I made the trek up the East Coast this weekend to see the Mets’ road
spring training lineup take on Josh Johnson and the Marlins. With the
exception of Fernando Martinez’s first hit, double and RBI, there
wasn’t much to crow about as the Marlins won the game handily 7-3.
However, Saturday marked my first chance to catch a game at Citi Field.
So besides telling you that braving the line at Shake Shack is worth
it, here are a couple initial impressions which may or may not be
1) The Fanwalk is cool: In
2007, fans had an opportunity to purchase engraved bricks with a
customized message that would sit on the plaza outside the entrance to
the Jackie Robinson Rotunda. I had no idea how cool this would be until
I saw it and now I regret not getting one. For a stadium that is
largely a building at this point and not a “Mets” building, the brick
walkway puts a real personal touch on the history of the franchise and
2) The Jackie Robinson Rotunda is underwhelming:
I’m all for Jackie Robinson. Aside from Michael Jordan, he was my
favorite person to write a biography about in elementary school. I
completely understand the impact he has had on our game, but the
grandiosity of the rotunda was lost on me. Do you really want the first
thing people see when they walk in a Mets’ ballpark to be a person in a
Dodgers’ uniform? Where’s the Mark Carreon Rotunda? Give me some
history! The whole thing left me feeling cold.
3) Lack of foul territory:
Sure there are the obvious quirks of the fences, cut-outs and all, and
The Pepsi Porch that hangs over the playing field, which is where I
sat, but there is considerably less foul territory here as opposed to
Shea Stadium. It’s one thing to see it on television, but it’s hard to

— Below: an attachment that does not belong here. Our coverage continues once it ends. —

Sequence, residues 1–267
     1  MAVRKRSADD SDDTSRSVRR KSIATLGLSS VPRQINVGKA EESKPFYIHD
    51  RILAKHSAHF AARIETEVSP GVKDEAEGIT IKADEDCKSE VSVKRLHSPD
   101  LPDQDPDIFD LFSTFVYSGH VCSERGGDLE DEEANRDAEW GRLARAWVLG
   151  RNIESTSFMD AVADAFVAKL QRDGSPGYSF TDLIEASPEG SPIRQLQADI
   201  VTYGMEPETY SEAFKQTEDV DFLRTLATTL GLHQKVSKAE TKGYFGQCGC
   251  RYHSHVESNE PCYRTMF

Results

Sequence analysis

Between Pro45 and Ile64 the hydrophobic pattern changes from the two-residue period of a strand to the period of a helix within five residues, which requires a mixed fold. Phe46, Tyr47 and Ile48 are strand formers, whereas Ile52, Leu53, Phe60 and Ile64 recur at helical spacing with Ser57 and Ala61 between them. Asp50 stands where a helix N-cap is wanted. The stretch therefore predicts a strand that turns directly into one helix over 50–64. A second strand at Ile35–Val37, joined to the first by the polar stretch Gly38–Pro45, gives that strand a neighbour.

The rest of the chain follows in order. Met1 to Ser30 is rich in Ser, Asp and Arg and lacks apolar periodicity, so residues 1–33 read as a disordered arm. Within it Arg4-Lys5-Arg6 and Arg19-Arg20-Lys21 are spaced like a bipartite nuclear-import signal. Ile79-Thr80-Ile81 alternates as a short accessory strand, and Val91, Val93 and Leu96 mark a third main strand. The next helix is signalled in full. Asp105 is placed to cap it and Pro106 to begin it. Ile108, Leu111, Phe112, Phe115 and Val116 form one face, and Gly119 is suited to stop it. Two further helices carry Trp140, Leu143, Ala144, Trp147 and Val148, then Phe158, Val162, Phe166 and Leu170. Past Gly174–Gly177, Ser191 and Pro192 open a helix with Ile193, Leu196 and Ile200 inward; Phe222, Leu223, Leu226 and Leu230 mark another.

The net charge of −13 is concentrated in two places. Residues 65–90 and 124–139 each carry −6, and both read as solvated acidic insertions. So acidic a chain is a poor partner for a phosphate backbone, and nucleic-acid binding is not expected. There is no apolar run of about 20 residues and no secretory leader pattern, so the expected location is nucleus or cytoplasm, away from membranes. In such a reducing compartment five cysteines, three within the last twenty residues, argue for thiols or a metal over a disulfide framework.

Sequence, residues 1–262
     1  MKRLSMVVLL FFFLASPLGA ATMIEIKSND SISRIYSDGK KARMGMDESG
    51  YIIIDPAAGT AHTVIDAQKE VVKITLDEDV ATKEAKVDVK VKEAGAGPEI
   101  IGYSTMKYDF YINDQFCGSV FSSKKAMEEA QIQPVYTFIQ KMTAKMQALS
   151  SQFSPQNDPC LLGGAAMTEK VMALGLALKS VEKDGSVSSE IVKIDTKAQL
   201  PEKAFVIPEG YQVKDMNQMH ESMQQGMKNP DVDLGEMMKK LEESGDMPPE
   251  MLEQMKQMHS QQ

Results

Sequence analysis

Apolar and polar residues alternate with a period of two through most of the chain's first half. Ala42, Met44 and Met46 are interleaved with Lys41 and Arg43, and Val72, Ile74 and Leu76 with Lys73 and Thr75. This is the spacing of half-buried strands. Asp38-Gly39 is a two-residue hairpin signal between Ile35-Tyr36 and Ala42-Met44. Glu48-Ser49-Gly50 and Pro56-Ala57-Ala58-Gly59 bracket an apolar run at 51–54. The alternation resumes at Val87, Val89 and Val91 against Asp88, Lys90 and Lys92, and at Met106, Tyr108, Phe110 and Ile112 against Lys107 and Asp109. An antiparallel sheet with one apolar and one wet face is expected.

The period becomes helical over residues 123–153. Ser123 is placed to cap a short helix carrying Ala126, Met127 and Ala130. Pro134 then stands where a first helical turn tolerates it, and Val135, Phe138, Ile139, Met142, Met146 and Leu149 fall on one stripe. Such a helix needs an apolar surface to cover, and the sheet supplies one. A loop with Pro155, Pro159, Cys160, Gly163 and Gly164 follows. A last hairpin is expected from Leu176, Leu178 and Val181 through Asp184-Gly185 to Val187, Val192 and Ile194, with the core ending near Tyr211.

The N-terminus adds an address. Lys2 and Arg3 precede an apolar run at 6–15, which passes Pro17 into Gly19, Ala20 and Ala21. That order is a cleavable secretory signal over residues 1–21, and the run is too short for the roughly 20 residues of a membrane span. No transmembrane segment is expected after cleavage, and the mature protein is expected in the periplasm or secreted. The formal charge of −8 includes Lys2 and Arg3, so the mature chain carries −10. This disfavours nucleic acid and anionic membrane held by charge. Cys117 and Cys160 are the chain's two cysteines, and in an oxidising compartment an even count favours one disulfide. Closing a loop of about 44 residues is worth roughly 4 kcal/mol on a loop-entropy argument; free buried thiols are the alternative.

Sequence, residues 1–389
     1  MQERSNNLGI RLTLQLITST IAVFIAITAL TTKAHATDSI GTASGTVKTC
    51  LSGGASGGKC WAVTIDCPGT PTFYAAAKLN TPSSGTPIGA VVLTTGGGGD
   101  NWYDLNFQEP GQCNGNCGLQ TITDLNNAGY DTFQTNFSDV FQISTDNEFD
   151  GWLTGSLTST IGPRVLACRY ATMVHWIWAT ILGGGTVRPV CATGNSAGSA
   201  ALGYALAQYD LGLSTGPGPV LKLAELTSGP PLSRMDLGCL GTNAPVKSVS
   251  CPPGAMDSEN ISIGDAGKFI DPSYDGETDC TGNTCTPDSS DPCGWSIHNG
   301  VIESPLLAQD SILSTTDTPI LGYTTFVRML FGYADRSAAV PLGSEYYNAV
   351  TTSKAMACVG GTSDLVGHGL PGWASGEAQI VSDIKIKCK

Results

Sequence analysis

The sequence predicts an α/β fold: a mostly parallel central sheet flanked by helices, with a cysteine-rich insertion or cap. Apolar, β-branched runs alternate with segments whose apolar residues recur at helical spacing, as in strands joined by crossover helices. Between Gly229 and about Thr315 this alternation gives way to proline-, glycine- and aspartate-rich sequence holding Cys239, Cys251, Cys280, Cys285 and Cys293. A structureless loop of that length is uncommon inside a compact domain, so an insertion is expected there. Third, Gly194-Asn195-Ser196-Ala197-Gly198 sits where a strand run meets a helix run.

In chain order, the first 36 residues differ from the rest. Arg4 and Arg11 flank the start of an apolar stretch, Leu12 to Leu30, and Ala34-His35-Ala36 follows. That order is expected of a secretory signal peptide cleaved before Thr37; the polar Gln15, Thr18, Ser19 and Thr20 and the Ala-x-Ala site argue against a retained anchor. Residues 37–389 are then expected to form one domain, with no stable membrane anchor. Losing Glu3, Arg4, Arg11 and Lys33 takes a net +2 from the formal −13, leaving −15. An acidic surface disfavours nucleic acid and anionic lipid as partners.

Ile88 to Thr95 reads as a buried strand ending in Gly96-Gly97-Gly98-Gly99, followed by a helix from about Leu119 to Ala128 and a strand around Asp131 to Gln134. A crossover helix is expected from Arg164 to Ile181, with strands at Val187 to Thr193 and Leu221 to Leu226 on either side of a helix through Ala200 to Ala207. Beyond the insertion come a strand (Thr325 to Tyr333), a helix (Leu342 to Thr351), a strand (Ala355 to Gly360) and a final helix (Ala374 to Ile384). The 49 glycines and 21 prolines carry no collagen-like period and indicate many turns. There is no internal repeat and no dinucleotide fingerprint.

feel the gravity of it until seeing it in person. For all the talk
about this being a pitchers’ park, opposing batters will certainly get
a few extra swings here. I suppose it counter-balances in some weird
way. As for down the lines, I can’t wait to see a “Bartman moment” in
this place. It’s bound to happen. You know, probably on October 4th
against the Astros with the Phillies and Mets deadlocked in first
If we haven’t said it before, it bears repeating: When it comes to pure muscle mass and power, no major league player rivals the sheer force of Giancarlo Stanton. His record-setting 504-foot home run in 2016 has yet to be bested in the Statcast era (though it narrowly beat out Jake Arrieta‘s 503-foot blast in 2015, because baseball is weird), he broke the Dodgers’ outfield fence on an attempted catch at the wall last Sunday, and he carries 25 home runs that have each exceeded 460 feet.
It should come as little surprise, then, that when Stanton muscled his 12th home run of the season against the Angels on Friday night, it not only hit the batter’s eye, but left a visible dent in the wall:
Stanton’s mammoth shot put the Marlins on the board in the first inning, setting the stage for a four-run effort that gave the club an early lead. The home run measured a cool 462 feet, the slugger’s longest of the season. He still has a little ways to go to catch up to the 2017 season leader, Jake Lamb, whose 481-foot home run against the Rockies currently leads the pack.
The next item on Stanton’s bucket list? If we’re lucky, maybe something a little like this:
Angels’ right-handed reliever Bud Norris made his 23rd appearance of the season on Friday, and after just three pitches, he was done for the night. He worked a 2-1 count to Marlins’ Dee Gordon in the eighth inning, then promptly exited the field after experiencing some tightness in his right knee. Neither Norris nor manager Mike Scioscia believe the injury is cause for major concern, and the 32-year-old right-hander admitted that it may have had something to do with his lack of stretching before he took the mound. For now, he’s day-to-day with right knee soreness, with the hope that the issue doesn’t escalate over the next few days.
While the Angels are lucky to have avoided serious injury, they’ll need Norris to pitch at 100% if they want to stay competitive within the AL West. They currently sit a full nine games behind the league-leading Astros, and haven’t been helping their cause after taking five losses in their last eight games. Friday’s 8-5 finale marked their third consecutive loss of the week.
When healthy, Norris has been one of the better arms in the Angels’ bullpen. Through 23 2/3 innings, he’s pitched to a 2.66 ERA, 3.4 BB/9 and an outstanding 11.8 SO/9 in 23 outings. The righty hasn’t allowed a single run in four straight appearances, recording three saves and helping the club clinch four wins in that span. This is his second setback of the year after sustaining a partial fingernail tear on his pitching hand during spring training.